Meats such as bacon and ham are still sometimes salt-cured (and sometimes are both salt-cured and smoke-cured, smoke being another “natural” preservative). Cured meats last longer than fresh meats, but all meats are such desirable homes to bacteria that they must be refrigerated even after curing to keep them safe.

Because dryness is antimicrobial, flours, mixes, pasta, rice, and dried beans may all be stored in the pantry. Molds, however, may afflict dried foods if your pantry gets too humid.

Foods containing enough alcohol, a general disinfectant, can also live long on your pantry shelves. It is the presence of alcohol that keeps your vanilla, almond extract, and other flavoring extracts, as well as alcoholic beverages, safe for long periods on your shelves without refrigeration.

Unopened canned and bottled foods (which should usually be refrigerated after opening): Canned meats (but see exceptions below), milk (UHT as well as canned), vegetables, fruits, soups, milk, broths, and prepared foods of all types; pickles, olives, relishes, salsa, jams and jellies, condiments such as mustard, ketchup, mayonnaise, and soy sauce. Wheat germ that is vacuum-sealed in a bottle should be refrigerated or frozen after opening.

Honey, molasses, imitation maple syrup, pancake syrups (but see exceptions below)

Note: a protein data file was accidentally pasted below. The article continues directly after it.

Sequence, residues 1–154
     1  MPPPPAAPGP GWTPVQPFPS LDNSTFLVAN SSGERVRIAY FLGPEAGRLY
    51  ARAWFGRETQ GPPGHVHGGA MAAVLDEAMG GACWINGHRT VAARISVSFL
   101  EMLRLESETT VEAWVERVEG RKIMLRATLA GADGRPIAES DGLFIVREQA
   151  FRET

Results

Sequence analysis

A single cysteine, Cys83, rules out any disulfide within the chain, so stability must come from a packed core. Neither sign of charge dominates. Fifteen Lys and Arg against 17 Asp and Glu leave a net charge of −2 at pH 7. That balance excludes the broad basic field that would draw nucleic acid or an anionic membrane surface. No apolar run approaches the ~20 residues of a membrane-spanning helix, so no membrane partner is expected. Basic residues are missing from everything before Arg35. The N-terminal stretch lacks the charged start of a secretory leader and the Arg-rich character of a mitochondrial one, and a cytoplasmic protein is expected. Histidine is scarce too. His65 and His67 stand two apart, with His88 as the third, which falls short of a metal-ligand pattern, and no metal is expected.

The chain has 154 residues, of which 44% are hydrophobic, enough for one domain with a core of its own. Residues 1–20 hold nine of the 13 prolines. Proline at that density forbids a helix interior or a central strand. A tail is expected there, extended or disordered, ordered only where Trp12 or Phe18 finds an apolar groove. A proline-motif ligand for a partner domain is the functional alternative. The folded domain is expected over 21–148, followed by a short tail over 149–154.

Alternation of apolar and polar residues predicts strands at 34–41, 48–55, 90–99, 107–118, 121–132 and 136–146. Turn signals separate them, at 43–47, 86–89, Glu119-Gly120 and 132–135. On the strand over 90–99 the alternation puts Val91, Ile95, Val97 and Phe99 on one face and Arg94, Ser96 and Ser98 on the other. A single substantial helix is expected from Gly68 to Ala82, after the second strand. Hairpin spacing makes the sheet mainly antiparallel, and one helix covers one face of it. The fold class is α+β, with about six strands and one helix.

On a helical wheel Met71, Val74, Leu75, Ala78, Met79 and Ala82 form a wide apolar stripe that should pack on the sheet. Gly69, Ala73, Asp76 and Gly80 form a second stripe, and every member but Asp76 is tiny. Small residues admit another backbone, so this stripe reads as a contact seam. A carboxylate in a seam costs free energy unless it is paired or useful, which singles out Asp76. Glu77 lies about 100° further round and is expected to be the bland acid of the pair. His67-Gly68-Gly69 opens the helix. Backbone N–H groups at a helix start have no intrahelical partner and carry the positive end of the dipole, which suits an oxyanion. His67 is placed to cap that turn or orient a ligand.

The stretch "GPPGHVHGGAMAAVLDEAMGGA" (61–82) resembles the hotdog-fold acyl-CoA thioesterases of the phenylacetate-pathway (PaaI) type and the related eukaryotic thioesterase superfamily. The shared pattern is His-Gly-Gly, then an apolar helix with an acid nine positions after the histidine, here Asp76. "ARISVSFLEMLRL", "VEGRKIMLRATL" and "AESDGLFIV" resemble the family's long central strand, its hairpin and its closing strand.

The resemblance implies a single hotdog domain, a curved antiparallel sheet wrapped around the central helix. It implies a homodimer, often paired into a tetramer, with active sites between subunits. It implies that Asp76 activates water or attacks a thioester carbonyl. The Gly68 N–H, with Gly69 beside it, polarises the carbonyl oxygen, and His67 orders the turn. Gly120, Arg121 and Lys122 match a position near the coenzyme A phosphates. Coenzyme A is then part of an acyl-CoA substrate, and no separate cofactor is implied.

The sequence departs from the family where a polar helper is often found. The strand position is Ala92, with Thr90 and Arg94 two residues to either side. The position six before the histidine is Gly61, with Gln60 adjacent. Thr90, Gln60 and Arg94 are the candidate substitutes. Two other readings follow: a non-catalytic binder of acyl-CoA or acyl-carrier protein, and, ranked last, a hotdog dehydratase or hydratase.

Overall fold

Cooking and salad oils (but see exceptions below; and also note my own practice, page 146). Close lids tightly.

Dried spices and herbs Vanilla, lemon extract, almond extract Pasta and noodles of all sorts Prepared dry cereals Coffee and tea Chips, crackers, cookies Rice White and refined flours (but see exceptions below) Dry mixes for cakes, muffins, brownies, puddings Chocolate powder, baker’s chocolate, chocolate chips Most candies Dry soup mixes Worcestershire sauce Dried beans, peas, and lentils

There are, however, exceptions, so read package labels carefully. Among the exceptions are these:

• Some canned hams must be refrigerated even before opening. Read labels!

• Coffee beans to be stored more than a couple of weeks will remain fresher if you freeze them.

• Chocolate syrup and real maple syrup should be refrigerated after opening.

• Nut oils should be refrigerated after opening.

• Paprika, red pepper, and chili powder should be refrigerated after opening.

• Whole-grain foods such as flours, cereals, cornmeal, brown rice, and other grains should be frozen or refrigerated; they contain natural fats and oils that can become rancid at room temperature very quickly. Rancid flours and meals have a bitter, acrid taste, and they are bad for you. In very hot weather, consider refrigerating all grains and meals in airtight containers.

General Guidelines for Good Pantry Storage

A collection of pantry lore, old and new, follows. These are good habits that will keep the pantry orderly and pantry foods fresh and safe.

Guidelines for the Pantry

• Keep your pantry and pantry shelves clean! Dust and crumbs contain molds and microorganisms, which can spread to foods kept in the pantry, and they cause stale and sour odors. They also attract pests.